In this climate, only one other club in the world can match Real Madrid’s spending. Ever since its takeover last September by the Abu Dhabi Group, Manchester City has assumed the identity of football’s Don Corleone, repeatedly drawling the words, “We’ll make him an offer he can’t refuse.”
Putting aside rejections from Kaka, Dimitar Berbatov and more recently John Terry, City has assembled a meaty-looking squad, with the signings this summer of Roque Santa Cruz, Gareth Barry, Kolo Toure, Emmanuel Adebayor and the cheeky whisking away of Carlos Tevez from its rival across town. All are proven Premiership performers.
Yet City, like Real Madrid, faces a surfeit of attacking players — new boys Santa Cruz, Tevez and Adebayor will jostle for attacking slots with incumbents Robinho, Benjani, Craig Bellamy, Shaun Wright-Phillips, Martin Petrov and the talented attacking midfielder Stephen Ireland.
At some point in the season, therefore, manager Mark Hughes may find himself fighting the uncharitable hope that a couple of his strikers get injured and give him temporary respite. The biggest transfer move in Europe outside Madrid and Manchester so far is the swap deal that sees Samuel Eto’o and a briefcase bulging with an estimated 37.6 million pounds move from Barcelona to Inter Milan in exchange for the outrageously gifted Swede Zlatan Ibrahimovic.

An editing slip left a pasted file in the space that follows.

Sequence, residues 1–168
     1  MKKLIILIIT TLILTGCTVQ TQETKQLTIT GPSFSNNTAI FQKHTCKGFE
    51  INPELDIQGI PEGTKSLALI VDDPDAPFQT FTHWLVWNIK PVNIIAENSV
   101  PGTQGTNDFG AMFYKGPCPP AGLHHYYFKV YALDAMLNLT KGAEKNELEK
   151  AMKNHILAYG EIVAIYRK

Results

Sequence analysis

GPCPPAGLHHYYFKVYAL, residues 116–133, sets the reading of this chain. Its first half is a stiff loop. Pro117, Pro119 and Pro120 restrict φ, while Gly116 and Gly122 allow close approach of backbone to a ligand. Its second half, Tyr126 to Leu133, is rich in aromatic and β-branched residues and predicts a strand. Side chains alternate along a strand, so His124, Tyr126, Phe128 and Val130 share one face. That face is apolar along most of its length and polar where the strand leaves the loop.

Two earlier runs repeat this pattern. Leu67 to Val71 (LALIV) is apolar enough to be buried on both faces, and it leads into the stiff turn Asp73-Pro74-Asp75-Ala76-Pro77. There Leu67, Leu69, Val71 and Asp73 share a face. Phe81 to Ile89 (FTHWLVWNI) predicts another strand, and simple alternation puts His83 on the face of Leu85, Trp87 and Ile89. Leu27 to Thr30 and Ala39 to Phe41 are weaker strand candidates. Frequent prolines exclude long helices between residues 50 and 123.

Meanwhile, Juventus has freshened its ageing squad with two Brazilians — playmaker Diego, who scored 20 goals for German club Werder Bremen last season, and midfielder Felipe Melo, who impressed in a deep-lying role for his national team in the Confederations Cup.
Otherwise, the uneven spread of transfer activity has ensured that most clubs have so far been restricted to making not-quite-household-name purchases, like that of ex-Ajax defender Thomas Vermaelen’s move to Arsenal, or, in the case of Manchester United, signing Michael Owen on a free transfer. However, the August 31 transfer deadline is still, in wheeler-dealer terms, a long time away.
Till then, the names that will swirl in rumour-fuelled Brownian Motion include the Valencia duo of David Villa and David Silva, Bayern Munich winger Franck Ribery, AC Milan midfielder Andrea Pirlo, Bordeaux striker Marouane Chamakh, and Real Madrid’s transfer-listed Dutch contingent of Van Nistelrooy, Van der Vaart, Robben, Sneijder, Drenthe and Huntelaar. Watch this space.
Cristiano Ronaldo (Portugal) Manchester United to Real Madrid, £80 million
Kaka (Brazil) AC Milan to Real Madrid, £56 million
Zlatan Ibrahimovic (Sweden) Inter Milan to Barcelona, part exchange (Samuel Eto’o of Cameroon, + £37.6 million — estimated)
Karim Benzema (France) Lyon to Real Madrid, £30 million
Carlos Tevez (Argentina) Media Sports Entertainment (rights holder; end of loan period at Manchester United) to Manchester City, 25.5 million
Emmanuel Adebayor (Togo) Arsenal to Manchester City, £25 million
Yuri Zhirkov (Russia) CSKA Moscow to Chelsea, £18 million
Michael Owen (England) Newcastle United (end of contract period) to Manchester United, free transfer